Photograph by Klein Ongaki
Researcher, Writer, Ethnographic Consultant
Technology, Migration, Borders
I am a researcher, writer, and ethnographic consultant with extensive, on-the-ground expertise in East Africa. I am also a senior lecturer in the School of Politics and International Relations and a fellow at the Institute of Humanities and Social Sciences at Queen Mary University of London. Working at the intersection of science and technology studies (STS) and migration and border studies, I examine problematics related to mobility, digital identity, and biometrics. I have over a decade of experience carrying out archival research, fieldwork, and interviews in cross-cultural, multilingual settings and collaborating with non-profits, artists, and practitioners across the US, UK, continental Europe, the Middle East, and Africa. Over the years, I have honed a deep expertise based, in large part, upon listening to people.
In recent years, I have been focused on the human rights and ethical implications of digital technologies, especially biometrics. I am particularly attuned to the impacts of biometric and digital identity systems on migrants, nomadic populations, refugees, and border communities who have historically struggled to access identity documents. I am increasingly interested in the ramifications of mobility and digital identity systems as states and societies grapple with the transition to a de-growth, lower-carbon future due to the impacts of climate change and depleting reserves and diminishing returns on fossil fuels.
My interest in the intersections between migration and digital identity evolved out of research for my first book, We Do Not Have Borders, which examined Somali transnational networks in Kenya. I am now working on two new book projects. Biometrics from the Margins weaves together ethnographic details from my time spent with undocumented and semi-documented people in the town of Garissa in northern Kenya and Nairobi. It also looks at Kenya’s fraught history with fingerprinting, first introduced by British colonial authorities in the early twentieth century. This project examines how those at the physical and metaphorical margins of the nation (including migrants, nomadic populations, refugees, and border communities), who have historically struggled to access identification documents, are now navigating the new world of digital identity.
The Other Climate Technology, my second book project, looks at one of the most important yet overlooked technologies likely to shape a future defined by scarcity and climactic crisis: biometrics. Both proponents and critics of green growth have tended to focus on technologies intended to replace fossil fuels, overlooking those aimed at rationing and managing its diminishing returns and supplies. In contrast, the Other Climate Technology argues that biometric tools of identification, like fingerprinting and iris scans, can be conceptualized as climate technologies. Doing so allows us to think critically about the risks, possibilities, and pressing challenges of low-growth and post-carbon economies, including the future of migration and the politics of social welfare, rationing, and redistribution.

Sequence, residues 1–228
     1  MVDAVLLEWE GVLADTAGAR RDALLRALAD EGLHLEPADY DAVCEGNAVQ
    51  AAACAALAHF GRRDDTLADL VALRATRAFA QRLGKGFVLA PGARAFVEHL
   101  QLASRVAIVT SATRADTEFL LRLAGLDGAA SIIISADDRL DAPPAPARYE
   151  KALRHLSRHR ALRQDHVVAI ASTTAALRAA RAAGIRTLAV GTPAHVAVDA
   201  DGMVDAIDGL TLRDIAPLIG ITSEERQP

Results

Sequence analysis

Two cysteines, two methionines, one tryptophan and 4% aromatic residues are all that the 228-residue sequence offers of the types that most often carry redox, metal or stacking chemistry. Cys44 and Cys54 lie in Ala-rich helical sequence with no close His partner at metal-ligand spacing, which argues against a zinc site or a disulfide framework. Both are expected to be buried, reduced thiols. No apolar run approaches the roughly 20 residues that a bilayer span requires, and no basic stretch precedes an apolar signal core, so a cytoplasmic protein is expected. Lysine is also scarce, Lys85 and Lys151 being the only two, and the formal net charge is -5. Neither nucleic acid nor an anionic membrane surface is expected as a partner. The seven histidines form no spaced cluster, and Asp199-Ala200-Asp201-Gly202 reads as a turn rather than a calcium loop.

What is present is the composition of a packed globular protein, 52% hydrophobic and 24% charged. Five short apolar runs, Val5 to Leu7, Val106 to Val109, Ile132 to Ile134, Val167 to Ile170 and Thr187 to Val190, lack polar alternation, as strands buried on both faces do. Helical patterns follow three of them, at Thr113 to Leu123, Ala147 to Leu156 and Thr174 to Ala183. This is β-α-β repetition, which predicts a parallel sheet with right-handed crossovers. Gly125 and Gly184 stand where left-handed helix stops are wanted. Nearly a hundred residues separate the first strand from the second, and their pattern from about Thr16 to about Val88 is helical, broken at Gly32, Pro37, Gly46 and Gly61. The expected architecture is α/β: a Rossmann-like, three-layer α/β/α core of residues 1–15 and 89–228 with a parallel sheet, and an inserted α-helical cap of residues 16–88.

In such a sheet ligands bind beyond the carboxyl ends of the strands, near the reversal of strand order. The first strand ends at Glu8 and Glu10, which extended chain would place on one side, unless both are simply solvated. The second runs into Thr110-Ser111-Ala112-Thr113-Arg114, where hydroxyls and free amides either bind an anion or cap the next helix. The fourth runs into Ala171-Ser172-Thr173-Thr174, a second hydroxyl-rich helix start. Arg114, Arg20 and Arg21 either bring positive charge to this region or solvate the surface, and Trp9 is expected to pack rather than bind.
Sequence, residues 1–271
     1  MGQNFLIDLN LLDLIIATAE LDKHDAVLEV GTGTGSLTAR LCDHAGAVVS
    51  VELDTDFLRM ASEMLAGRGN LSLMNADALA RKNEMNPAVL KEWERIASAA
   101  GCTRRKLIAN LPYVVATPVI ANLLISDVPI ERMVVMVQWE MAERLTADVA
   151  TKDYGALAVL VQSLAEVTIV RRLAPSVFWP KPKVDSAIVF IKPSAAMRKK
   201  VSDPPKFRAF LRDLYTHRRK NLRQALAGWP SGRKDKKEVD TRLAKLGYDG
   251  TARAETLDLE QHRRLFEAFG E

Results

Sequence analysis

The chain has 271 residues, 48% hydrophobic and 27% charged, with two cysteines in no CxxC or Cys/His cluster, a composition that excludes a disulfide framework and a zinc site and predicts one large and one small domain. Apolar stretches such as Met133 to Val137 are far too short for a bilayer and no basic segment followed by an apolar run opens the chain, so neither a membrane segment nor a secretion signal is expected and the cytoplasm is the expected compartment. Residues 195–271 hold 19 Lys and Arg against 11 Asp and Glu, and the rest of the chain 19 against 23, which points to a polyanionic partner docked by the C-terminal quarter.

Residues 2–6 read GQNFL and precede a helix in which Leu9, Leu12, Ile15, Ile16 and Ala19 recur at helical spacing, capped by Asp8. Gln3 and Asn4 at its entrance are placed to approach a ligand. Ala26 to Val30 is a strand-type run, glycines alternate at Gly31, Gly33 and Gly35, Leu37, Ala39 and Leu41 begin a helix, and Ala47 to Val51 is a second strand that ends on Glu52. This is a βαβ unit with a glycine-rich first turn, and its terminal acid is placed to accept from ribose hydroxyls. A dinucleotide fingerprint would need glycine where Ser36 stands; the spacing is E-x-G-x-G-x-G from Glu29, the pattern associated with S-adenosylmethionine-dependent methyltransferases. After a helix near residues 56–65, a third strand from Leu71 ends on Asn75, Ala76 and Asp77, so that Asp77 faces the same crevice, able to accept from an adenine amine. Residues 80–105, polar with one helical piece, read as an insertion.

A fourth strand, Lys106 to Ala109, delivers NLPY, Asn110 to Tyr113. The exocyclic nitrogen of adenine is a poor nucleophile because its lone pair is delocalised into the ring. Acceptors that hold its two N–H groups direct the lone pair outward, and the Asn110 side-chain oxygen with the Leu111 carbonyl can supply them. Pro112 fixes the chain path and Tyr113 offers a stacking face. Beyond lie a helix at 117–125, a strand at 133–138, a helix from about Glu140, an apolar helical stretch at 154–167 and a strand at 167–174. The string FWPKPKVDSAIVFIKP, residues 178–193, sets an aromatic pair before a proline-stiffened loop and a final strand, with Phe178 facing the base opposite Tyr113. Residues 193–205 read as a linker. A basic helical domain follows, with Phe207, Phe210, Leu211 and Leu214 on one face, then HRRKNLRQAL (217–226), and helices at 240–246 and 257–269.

It's my belief that there is enormous value in learning about biometrics, border management, and digitized social welfare from the vantage point of regions like East Africa. Far from being on the margins, Kenya is, in fact, at the cutting-edge of these global developments, prefiguring possible futures for the rest of the world.
In recent years, I have applied insights gleaned from my time in East Africa to broader global questions. I've worked on projects for civil society organizations like Amnesty International, Privacy International, and Campaign Against the Arms Trade that have explored the rights of refugees in the digital age, the growing use of digital technologies for border and immigration enforcement, and the use of biometrics in the humanitarian/aid sector and counterterrorism industry. I have also worked on a moving-image work with filmmaker Edwin Mingard, funded by UCL Culture and Arts Council England, which explores the UK hostile environment.
Having lived and worked in global cities such as London, Nairobi, Philadelphia, and San Francisco, I've learned how to engage with diverse audiences. I’ve published in a variety of forums ranging from top academic presses to popular blogs and have been cited and featured in media outlets such as The New York Times, The Washington Post, Quartz Africa, and BBC World Service. I also have a successful track record of winning competitive US and UK grants to support my research. My work has been funded by the Fulbright US Scholar program, the American Council of Learned Societies, the British Academy/Leverhulme Trust, the Alan Turing Institute, and the Andrew W. Mellon Foundation.
To find out more about what I offer and my ethnographic and research consultancy practice, contact me.
Photograph by Anna Marazuela Kim